Human Processes: We are all Politicians

In my January 2015 Column, Minutes = Weeks, I asked why meetings are often conducted so badly – to be specific, the part where you all confirm what you agreed. I outlined a simple and cost-free change to meeting practice that results in a huge improvement to the efficiency and effectiveness of your collaborative activity.

In this Column I’d like to return to the subject of meetings – this time to look at another aspect that is often conducted badly, and is even more likely to diminish your chances of a successful outcome, namely the work required beforehand. I don’t mean the work required by individuals to prepare their inputs – most meeting invitations identify the required inputs, together with the people responsible for preparing them. Rather, a more common problem is a failure to identify all the people and organizational groups who may have an interest, ensure that the right people are included, and (here’s the key aspect) conduct any preliminary discussions required to make the meeting a success.

For most everyday meetings there is no need for such extensive stakeholder management beforehand. However, for many critical meetings, where key decisions need to be taken, and which typically include people with varied interests, ensuring that people arrive ready to agree the way forward – for example, having discussed requirements and commitments with their own stakeholders – is essential but often omitted.

The reason these key precursor interactions are often poorly understood is that the process of which such activities form a part is full of loops and exceptional behavior. You certainly cannot model it as step-by-step control flow using a technique such as BPMN. It is in fact a human collaborative process, for which the appropriate modelling technique is much simpler but at the same time less well understood. As often discussed in this Column, human processes can be captured and then managed very easily using just a spreadsheet, with the following Columns:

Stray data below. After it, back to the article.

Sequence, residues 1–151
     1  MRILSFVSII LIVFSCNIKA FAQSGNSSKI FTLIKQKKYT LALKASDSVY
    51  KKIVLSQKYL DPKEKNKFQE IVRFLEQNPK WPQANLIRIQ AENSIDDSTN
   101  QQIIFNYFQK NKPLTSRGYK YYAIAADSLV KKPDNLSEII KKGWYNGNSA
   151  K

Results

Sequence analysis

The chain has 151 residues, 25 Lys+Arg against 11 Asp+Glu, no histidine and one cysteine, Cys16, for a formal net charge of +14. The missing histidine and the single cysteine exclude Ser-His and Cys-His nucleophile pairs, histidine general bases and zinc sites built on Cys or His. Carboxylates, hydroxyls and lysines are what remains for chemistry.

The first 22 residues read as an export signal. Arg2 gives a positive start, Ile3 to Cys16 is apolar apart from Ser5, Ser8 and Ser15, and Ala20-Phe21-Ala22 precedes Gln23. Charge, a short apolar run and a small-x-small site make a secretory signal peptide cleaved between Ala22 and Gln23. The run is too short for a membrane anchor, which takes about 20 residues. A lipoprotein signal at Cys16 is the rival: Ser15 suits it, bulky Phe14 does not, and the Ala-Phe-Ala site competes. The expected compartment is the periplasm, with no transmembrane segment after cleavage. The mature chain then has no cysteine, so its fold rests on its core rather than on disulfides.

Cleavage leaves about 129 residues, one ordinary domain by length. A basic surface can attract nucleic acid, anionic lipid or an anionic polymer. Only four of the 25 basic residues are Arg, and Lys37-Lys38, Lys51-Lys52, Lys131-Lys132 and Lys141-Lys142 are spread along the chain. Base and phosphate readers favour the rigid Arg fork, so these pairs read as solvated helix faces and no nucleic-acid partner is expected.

• Goal – the distinct aims you are working together to achieve
  • For each Goal, the Stakeholders with a definition of the Role that each Stakeholder plays
  • For each Stakeholder in a Goal, the Contributions that they make

Any less information than this will leave you unable to manage the necessary interactions. You can add more information of various kinds, but in many cases the above simple structure is all you need. In some cases you may find it helpful to use a tool to manage the work, but this will be nothing like a BPMS – for example, my own current work with the Royal Society of Arts is a solution (Town Digital Hub) to help manage human processes on a city-wide scale, processes that include a large percentage of citizens, such as for wellbeing, participatory budgeting and community wealth creation.

Returning to the subject of meetings, for the largest and most critical meetings, although their ostensible purpose may be to take key decisions, a successful outcome depends on understanding that such decisions are only rarely taken during the meeting itself. Generally people arrive knowing what their own decision will be. So, for the organizer, successful collaboration means aligning these personal decisions before the meeting even starts. Politicians know this in their bones and it is fundamental to how they operate. Just as we are all consultants, with respect to key decision-making meetings, we are all politicians – so must learn to operate like them.

Keith Harrison-Broninski

Keith Harrison-Broninski

Keith Harrison-Broninski FRSA is an author, speaker, and technology/business consultant specialising in collaboration across organisational boundaries as well as social technology for wellness, community, and finance. Keith's first book was "Human Interactions" (2005): "Set to produce the first fundamental advances in personal productivity since the arrival of the spreadsheet" (Information Age); "The breakthrough that changes the rules of business" (Peter Fingar, author of "Business Process Management: The Third Wave"); "The overarching framework for 21st century business technology" (BP Trends); "The next logical step in process-based technology" (Chair of the Workflow Management Coalition). Keith went on to develop these principles for cross-boundary collaboration in further books and research and lead award-winning social enterprises for healthcare innovation, wellness, and community finance. Keith's latest book "Supercommunities" brings together insights from recent academic research with original ideas about wellness, collaboration, and finance to explain how communities everywhere can become antifragile through social trading.

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